by Maela Giofré; CeRP WP N. 130/12
This paper investigates the tension between regulation and financial education in explaining one of the major puzzles in international finance, that is the lack of international diversification. We show that both dimensions are relevant: higher investor’s financial education fosters international investment and stronger minority investor protection legislation attracts inward investment. More interestingly, these factors appear to be substitute in enhancing investor’s portfolio diversification: the role of financial education is particularly pronounced where information problems and monitoring costs are likely to be more severe, that is in countries where protection of minority shareholders’rights is weaker. We interpret this evidence as supportive of the conjecture that the main channel through which financial education contributes to international diversification consists of loosening the informational constraints binding foreign investors.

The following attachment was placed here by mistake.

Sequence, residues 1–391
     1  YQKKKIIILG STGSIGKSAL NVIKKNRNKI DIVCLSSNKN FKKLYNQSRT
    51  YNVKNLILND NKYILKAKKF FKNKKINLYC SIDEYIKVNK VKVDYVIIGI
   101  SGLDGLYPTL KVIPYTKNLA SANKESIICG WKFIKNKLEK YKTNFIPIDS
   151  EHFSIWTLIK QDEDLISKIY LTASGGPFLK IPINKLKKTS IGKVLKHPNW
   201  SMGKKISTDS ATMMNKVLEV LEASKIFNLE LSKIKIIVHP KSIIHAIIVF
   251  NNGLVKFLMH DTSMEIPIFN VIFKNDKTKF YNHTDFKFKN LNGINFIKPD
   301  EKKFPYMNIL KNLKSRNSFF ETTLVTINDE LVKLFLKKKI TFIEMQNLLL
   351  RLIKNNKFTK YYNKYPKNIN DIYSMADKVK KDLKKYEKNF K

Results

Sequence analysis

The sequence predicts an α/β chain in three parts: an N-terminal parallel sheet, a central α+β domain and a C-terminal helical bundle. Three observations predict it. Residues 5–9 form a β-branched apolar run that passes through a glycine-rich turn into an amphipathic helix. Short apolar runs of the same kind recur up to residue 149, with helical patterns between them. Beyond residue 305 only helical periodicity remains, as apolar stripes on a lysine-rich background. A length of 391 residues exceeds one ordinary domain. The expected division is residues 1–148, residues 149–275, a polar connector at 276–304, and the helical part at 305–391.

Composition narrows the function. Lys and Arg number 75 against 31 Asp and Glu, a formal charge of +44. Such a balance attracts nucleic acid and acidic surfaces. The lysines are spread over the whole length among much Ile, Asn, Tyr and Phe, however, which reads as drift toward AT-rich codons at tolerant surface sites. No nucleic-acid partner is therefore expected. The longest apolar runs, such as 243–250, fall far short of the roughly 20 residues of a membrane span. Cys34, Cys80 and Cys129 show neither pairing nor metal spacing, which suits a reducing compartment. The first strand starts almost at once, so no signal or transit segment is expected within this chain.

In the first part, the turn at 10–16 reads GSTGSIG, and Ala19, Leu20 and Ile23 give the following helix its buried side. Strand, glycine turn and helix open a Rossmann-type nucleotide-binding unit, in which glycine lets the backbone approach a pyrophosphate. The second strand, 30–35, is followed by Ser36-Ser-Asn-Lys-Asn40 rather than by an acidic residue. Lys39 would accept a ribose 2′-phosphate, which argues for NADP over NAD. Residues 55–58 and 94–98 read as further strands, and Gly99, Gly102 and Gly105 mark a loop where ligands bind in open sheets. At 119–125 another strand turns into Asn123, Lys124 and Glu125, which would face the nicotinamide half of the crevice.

Published: October 2012